Mae Martin calls out anti-trans attacks in comedy: ‘Like we’ve slipped back to the 90s’ 

Mae Martin in a tuxedo

Mae Martin has addressed legislative attacks on trans people and the rise in anti-LGBTQ+ rhetoric from other comedians, calling it “bad faith, culture wars nonsense”.

The queer Canadian stand-up comic and Feel Good star spoke out in an interview with Paste magazine on Thursday (23 March), where they discussed their new Netflix special SAP, therapy and thriving in their 30s.

When asked about whether Martin feels they have to address the topic of fellow comedians “who punch down on gender issues and the LGBTQI communities”, the non-binary comedian and actor responded by saying “I wish I didn’t”.

“It’s always bittersweet. I wish I didn’t have to talk about gender and identity and stuff. Because it’s not the biggest or most interesting thing about me,” they told Paper. 

“But I did feel a responsibility because it’s super important given everything that’s going on and all the legislation

“It’s mind boggling to me that people can look at what’s going on and go, ‘Oh, this is a really dangerous time’. I truly just can’t believe that because it feels so archaic, like we’ve slipped back to the 90s with people attacking trans people in their shows. 

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Notable examples of comedians using trans folk as a punchline include Ricky Gervais, whose 2022 special SuperNature included “cheap jokes” that viewers called out for being “toxic” and “transphobic”, and “self-proclaimed TERF” Dave Chappelle.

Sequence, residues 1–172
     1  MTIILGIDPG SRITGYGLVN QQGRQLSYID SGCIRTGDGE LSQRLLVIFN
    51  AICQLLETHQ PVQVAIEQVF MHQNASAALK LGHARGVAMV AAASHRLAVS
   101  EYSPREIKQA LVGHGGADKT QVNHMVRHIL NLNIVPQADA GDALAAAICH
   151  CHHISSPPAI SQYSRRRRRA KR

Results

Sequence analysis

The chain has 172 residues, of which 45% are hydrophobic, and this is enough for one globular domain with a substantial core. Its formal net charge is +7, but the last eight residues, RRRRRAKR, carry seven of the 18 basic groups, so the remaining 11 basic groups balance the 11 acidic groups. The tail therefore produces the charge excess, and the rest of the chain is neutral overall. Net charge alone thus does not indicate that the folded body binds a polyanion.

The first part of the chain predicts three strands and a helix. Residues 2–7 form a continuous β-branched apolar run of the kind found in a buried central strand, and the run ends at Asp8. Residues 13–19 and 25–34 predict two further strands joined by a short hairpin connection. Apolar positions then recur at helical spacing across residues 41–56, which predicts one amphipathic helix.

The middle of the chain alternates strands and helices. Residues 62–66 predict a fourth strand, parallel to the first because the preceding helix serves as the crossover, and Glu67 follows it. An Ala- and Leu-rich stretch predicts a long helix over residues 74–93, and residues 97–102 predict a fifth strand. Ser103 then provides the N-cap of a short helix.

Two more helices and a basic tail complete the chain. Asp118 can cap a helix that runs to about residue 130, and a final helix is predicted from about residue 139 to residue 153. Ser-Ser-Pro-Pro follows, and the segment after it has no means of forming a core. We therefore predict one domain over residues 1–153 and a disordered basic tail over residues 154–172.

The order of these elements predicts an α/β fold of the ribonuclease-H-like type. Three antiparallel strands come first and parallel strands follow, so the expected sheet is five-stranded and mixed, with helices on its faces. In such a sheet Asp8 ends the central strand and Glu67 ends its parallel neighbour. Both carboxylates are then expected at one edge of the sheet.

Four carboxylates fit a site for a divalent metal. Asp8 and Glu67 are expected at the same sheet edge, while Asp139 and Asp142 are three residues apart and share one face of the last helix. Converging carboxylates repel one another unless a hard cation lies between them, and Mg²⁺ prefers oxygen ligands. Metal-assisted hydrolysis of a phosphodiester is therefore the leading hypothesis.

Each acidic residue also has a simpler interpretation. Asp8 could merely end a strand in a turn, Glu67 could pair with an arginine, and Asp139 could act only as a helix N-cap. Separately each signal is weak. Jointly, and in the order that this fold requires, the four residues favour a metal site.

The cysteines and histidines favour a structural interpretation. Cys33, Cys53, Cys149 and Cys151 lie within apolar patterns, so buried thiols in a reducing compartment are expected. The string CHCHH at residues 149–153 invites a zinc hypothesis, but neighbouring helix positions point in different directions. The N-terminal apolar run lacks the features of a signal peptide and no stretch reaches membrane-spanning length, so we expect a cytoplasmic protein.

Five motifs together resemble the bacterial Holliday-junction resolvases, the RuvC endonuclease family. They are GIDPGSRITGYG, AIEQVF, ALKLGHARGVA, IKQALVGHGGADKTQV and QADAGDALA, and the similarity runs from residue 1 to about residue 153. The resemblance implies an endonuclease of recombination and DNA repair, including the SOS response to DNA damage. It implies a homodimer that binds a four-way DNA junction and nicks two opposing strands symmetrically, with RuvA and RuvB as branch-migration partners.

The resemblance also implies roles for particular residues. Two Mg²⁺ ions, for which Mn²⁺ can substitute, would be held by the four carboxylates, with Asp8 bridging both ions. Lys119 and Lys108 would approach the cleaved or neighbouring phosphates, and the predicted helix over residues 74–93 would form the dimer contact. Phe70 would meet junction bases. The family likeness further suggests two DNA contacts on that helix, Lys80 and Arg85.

Last year, Netflix CEO Reed Hastings said the company would order comedy specials from Chappelle “again and again” despite viewer backlash, protests from employees and trans staff quitting. 

On the subject of anti-trans rhetoric, Martin continued: “It’s very confusing to me. It feels like really wilful ignorance because all the information is out there from the World Health Organisation, doctors, parents, trans kids. 

“We have all the information so I don’t know why we haven’t caught up in terms of policy and public opinion. 

“It feels like bad faith, culture wars nonsense. But with real life consequences.”

Martin confirmed that they do see comedy as a vehicle for changing people’s minds, but would like others outside of the community with different audiences to get involved and raise their voices. 

They said: “If you can get people’s defences down and they’re laughing, and then hit them with the truth bomb then that’s great. I tried to put it later in the show so that hopefully I’ve earned some goodwill with all my silliness. 

“The thing that would be really helpful, I think, is if people that you wouldn’t expect, or people who have a different audience would come out and support these issues and talk about it because then you’re going to really reach the people that need to be reached. 

If I talk about it, it’s lose/lose because it’s just like, ‘Oh, they never shut up about it. These people are obsessed with gender and it’s all they want to talk about!’ But if someone massive, or with a different audience to me would wave that banner that would be super helpful.”

Mae Martin has been confirmed as a contestant on the 15th series of comedy challenge show Taskmaster, along with Frankie Boyle, Jenny Éclair, Ivo Graham and Kiell Smith-Bynoe. 

SAP is available to watch on Netflix from Tuesday 28 March.